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Old 10-22-2018, 03:21 PM   #1
1 Rivet Member
2018 Basecamp
San Diego , California
Join Date: Sep 2018
Posts: 6
Basecamp tow vehicle question

We just bought an Airstream Basecamp, and now we need to buy a car to pull it. We plan on getting a mid-sized SUV that can pull 5000 lbs either a Toyota Highlander LE+ or a Honda Pilot EX. One of the significant differences is that the Honda has a lighter suspension, and thus less bumpiness but more sway of the car itself on rough roads and going around corners. So any of you have experience with a lighter vs. a tighter suspension, or directly with either of these cars? We are wondering which level of suspension is better for towing, and also which suspension is better for avoiding passenger carsickness.

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Old 10-22-2018, 04:38 PM   #2
Half a Rivet Short
2017 30' Classic
Carlisle , Pennsylvania
Join Date: May 2017
Posts: 6,219

Generally a stiff(er) suspension is better when towing. The real question is always - what is the suspension like under load? There are a lot of tricks that get played these days in suspension design. Indeed showing up at the dealer with three kegs of beer to load down the demo vehicle may or may not work out quite as you planned......

One thing to consider with *any* tow vehicle is what you will have with you on your camping expeditions. The tongue weight of the trailer and the weight of the hitch do impact your tow vehicle. The weight of your passengers and gear in the vehicle also get into the act. Often people find that part of it is more significant than they first thought .... ( = there are multiple ways to overload a vehicle).


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Old 10-22-2018, 04:43 PM   #3
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2007 22' International CCD
Corona , California
Join Date: Jul 2013
Posts: 5,845
If you are prone to motion sickness, I'd avoid the Honda.

DW is very sensitive to sway, and has no issue with the tighter suspension in our Tundra. The softer Camry also swayed a lot before I got the suspension redone with better, stiffer shocks.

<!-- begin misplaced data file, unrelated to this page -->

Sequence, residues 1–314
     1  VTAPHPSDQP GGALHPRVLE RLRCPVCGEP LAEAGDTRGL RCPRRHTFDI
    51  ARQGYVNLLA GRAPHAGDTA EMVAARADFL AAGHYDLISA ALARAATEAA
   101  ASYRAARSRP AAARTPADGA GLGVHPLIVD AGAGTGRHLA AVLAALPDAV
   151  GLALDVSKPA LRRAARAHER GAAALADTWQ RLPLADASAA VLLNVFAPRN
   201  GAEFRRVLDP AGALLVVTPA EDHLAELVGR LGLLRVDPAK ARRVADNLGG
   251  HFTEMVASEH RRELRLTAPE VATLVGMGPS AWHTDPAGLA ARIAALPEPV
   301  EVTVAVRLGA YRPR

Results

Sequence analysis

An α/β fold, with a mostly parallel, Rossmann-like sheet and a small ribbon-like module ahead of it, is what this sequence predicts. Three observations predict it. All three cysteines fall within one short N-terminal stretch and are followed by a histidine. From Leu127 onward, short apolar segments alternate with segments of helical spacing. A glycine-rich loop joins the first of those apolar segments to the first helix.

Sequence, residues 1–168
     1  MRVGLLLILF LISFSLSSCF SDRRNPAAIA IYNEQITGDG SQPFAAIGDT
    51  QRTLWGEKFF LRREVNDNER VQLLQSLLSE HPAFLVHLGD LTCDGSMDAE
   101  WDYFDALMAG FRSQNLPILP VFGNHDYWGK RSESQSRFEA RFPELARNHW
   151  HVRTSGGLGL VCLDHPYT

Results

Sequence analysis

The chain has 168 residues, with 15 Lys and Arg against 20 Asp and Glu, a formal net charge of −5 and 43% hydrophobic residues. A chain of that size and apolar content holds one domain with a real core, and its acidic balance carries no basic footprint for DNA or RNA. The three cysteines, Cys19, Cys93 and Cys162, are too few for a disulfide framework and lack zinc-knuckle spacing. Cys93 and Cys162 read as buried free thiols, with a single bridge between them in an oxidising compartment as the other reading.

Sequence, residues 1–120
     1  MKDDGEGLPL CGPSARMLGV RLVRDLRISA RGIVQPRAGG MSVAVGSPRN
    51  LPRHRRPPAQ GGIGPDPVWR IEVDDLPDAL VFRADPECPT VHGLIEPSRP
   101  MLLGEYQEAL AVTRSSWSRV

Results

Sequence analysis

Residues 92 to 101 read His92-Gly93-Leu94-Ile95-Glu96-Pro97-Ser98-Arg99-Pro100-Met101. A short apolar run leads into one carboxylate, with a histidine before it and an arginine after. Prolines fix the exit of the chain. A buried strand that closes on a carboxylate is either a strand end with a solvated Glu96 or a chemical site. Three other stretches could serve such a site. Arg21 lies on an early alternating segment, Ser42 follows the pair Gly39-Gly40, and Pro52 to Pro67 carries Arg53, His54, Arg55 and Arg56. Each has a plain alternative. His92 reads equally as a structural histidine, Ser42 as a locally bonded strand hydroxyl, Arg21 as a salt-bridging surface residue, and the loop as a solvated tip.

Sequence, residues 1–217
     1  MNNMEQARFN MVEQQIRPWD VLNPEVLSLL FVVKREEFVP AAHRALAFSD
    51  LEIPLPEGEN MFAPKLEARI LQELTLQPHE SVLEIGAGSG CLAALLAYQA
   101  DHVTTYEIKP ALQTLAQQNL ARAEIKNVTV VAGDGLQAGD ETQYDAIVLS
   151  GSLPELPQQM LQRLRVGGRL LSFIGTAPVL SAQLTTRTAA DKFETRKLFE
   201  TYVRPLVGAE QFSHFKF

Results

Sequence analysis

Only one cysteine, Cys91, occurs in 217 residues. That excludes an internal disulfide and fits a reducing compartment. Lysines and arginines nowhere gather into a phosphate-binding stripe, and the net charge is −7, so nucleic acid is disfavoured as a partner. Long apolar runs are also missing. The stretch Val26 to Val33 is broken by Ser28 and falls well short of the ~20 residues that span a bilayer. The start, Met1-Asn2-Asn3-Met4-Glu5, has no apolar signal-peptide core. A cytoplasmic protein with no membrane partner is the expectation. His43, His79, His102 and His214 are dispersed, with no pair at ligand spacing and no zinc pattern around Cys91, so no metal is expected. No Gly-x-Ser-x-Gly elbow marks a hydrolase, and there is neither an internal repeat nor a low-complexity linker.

She's wanting a new Tundra with all the goodies for the next tow vehicle--since she bought (and paid for) our first Tacoma TV in '08, she can certainly have exactly whatever she wants...and since she is the negotiator, I can bet it will be at the price she wants as well...
Rich, KE4GNK/AE, Overkill Engineering Dept.
'The Silver HamShack' ('07 International 22FB CCD 75th Anniversary)
Multiple Yaesu Ham Radios inside and many antennae sprouting from roof, ProPride hitch, Prodigy P2 controller.
2012 shortbed CrewMax 4x4 Toyota Tacoma TV with more antennae on it.
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Old 10-30-2018, 05:13 AM   #4
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2017 Basecamp
Beaufort , North Carolina
Join Date: Oct 2018
Posts: 1
tow vehicles questions also

we also recently bought a basecamp. i have a 2008 toyota highlander hybrid and used it one weekend, and was thrilled that i would not need another vehicle to pull it. now my hybrid has gone bad - the hybrid inverter and inverter system - to the tune of $9500. i have to get a different car. i want the smallest possible option - would love to have a subaru outback, but that may be dicey. also considering a used audi q5. has anyone had experience with either of these?
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Old 11-07-2018, 10:51 PM   #5
1 Rivet Member
2017 Basecamp
Albuquerque , New Mexico
Join Date: May 2017
Posts: 9
I towed my 2017 Basecamp for 1 year with a BMW X3 (no weight distribution or sway control). This was a fantastic combination. My Basecamp does tend to develop some light sway at highway speeds above 70mph. This was not a problem but may un-nerve some people not experienced with towing. I usually loaded any cargo over or rear of the Basecamp axle to keep tongue weight down. Sometimes the suspension would bottom out on big bumps, but overall suspension of X3 was pretty well matched to that of the Basecamp. Biggest struggle and one of the reasons I moved to a different TV was the wear of the rear tires. Most rear independent suspensions introduce negative camber as they take load which results in inside tire wear when running constantly loaded. I went 1/2 way through tires in a year ~5000miles of towing. This is something you'll probably want to mitigate if this is your long term TV.
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